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RE: Losing minibuffer input

From: Drew Adams
Subject: RE: Losing minibuffer input
Date: Thu, 20 Nov 2014 16:24:26 -0800 (PST)

> > [FWIW, S-RET is used in at least one 3rd-party library for
> > an alternative (to RET) action on the input.]
> There is no conflict since a 3rd-party library can freely override
> any default keybinding.

Sure, but users sooner or later start to complain about interference
with "standard" vanilla bindings, even if it is Emacs itself that
has come late to the game.

RET in Emacs, especially during completion, is not just like RET
in most applications.  Like TAB.  They both do so much more in

Modifiers used with RET and TAB should be reserved for actions
similar or analogous to what RET and TAB are used for without
modifiers (as we have done with M-TAB, for instance).  In particular,
in the minibuffer they should be reserved for actions similar to
what RET and TAB do in the minibuffer.  And this, whether it is
vanilla Emacs (now or in the future) or users or a 3rd-party
library that binds RET or TAB + modifier keys in minibuffer maps.

We should not be jumping at the chance to copy other programs,
which do not have such sophisticated (minibuffer, completion etc.)
interactions (if they have any such at all), in their simple use
of S-RET as a way to simply insert a hard return.  That is leveling
toward the bottom (most rudimentary) editing behavior instead of
reaching toward the top (the rest of Emacs).

Especially since in the Emacs (and UNIX and GNU/Linux and ASCII...)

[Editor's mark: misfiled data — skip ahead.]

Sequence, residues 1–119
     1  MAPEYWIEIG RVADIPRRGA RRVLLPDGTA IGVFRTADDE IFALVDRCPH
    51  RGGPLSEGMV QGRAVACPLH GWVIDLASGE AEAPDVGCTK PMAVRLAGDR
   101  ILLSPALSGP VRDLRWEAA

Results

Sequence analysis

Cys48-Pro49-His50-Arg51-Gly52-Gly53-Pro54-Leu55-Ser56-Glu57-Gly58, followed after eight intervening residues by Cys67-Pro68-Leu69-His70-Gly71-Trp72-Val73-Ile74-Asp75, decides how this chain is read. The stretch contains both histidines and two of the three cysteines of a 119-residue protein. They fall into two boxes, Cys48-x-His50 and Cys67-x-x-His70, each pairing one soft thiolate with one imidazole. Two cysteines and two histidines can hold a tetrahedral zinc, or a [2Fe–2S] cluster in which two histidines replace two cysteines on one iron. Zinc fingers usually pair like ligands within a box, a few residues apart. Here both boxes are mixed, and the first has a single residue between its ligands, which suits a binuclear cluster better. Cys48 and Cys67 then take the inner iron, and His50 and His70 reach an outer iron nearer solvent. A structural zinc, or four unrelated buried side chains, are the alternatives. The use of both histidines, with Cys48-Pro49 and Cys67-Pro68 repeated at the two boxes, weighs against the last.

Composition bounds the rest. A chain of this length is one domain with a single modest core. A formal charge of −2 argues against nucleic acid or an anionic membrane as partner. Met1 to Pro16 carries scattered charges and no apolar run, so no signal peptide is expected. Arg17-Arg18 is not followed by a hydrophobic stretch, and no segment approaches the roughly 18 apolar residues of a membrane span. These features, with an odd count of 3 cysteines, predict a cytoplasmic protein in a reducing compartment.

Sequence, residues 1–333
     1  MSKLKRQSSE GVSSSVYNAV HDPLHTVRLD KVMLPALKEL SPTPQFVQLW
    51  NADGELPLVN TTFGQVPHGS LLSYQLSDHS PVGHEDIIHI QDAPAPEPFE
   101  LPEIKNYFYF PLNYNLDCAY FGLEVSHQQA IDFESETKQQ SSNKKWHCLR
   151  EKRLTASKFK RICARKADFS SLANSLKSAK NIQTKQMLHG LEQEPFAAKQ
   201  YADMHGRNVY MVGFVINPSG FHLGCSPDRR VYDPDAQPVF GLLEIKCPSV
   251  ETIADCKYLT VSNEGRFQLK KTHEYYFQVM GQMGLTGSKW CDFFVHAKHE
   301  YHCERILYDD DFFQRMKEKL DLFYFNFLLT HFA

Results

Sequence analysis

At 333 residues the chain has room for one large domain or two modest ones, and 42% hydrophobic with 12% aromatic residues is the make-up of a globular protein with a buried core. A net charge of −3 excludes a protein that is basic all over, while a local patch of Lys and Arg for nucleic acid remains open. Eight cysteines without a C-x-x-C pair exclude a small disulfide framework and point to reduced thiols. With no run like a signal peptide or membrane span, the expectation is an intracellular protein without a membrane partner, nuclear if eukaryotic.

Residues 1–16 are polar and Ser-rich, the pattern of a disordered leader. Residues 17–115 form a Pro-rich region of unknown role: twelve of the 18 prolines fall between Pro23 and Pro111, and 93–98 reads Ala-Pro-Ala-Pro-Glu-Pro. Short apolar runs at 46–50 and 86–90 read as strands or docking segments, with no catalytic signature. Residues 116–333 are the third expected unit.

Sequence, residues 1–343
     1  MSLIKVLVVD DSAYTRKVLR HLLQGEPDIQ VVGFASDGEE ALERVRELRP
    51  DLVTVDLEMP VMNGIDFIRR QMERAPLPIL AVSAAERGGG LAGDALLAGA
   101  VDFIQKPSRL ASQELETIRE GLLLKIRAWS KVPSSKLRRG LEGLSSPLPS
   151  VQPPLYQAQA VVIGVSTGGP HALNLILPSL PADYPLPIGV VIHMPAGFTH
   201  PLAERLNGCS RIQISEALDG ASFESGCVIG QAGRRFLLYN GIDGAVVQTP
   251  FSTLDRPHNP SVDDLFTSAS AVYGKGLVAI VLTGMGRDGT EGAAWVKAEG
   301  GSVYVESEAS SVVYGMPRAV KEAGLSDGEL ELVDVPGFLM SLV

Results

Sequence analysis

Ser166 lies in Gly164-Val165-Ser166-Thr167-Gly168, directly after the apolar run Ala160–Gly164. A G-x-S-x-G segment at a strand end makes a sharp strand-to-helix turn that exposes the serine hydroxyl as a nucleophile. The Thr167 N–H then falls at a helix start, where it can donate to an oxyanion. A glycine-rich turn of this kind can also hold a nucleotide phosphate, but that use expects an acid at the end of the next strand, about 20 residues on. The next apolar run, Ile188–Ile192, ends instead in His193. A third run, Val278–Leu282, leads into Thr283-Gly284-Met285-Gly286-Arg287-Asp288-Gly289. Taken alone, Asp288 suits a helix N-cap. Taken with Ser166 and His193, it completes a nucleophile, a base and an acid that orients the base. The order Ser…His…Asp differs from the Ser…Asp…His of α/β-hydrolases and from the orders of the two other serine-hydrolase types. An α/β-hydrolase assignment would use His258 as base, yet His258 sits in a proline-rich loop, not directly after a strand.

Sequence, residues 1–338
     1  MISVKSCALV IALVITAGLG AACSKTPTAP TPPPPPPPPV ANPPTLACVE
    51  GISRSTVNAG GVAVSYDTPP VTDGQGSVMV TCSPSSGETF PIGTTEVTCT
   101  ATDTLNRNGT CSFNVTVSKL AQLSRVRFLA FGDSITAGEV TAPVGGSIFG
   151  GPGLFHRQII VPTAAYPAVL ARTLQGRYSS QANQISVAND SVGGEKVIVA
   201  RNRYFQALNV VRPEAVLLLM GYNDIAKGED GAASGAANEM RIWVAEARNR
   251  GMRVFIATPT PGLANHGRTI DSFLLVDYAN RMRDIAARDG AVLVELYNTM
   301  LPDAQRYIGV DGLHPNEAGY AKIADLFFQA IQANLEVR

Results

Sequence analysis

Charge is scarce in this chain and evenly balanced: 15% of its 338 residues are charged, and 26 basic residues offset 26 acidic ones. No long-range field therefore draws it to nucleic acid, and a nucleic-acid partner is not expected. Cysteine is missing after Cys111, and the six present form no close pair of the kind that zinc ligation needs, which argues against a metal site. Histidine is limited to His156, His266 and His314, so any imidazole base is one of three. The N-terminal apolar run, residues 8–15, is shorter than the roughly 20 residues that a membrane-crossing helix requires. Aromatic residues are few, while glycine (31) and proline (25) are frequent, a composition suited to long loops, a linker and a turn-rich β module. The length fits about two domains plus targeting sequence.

world, we **already have a way of inserting a newline char**: just
type it (`C-j').  That's what we use for searching, and that is
what we should use to insert a newline char in the minibuffer also.
Use `C-j' to insert a newline char.  Simple.  Emacsy.  Unixy.

This is *already* a useful Emacs idiom.  There is no good reason 
to use up a powerfully mnemonic key like S-RET, to simply insert
a newline.

Make S-RET, M-RET, C-M-RET, C-S-RET, M-S-RET, C-M-S-RET, if we use
them, do things that are Emacs-analogous to things that Emacs does
for RET.  Similarly, make S-TAB, M-TAB, C-M-TAB, C-S-TAB, M-S-TAB,
C-M-S-TAB, if we use them, do things that are Emacs-analogous to
things that Emacs does for TAB.

It just does not always make sense to copy what is done in other
programs that cannot take advantage of all that Emacs has to offer.
They have no advantage in fitting in with other, existing Emacs
keys, habits, features and ways of use.  Too bad for them.  You
don't need to waste S-RET on inserting a C-j char.  So don't
bother.  I guarantee that you will find better, more
minibuffer-oriented things to do with such a key.

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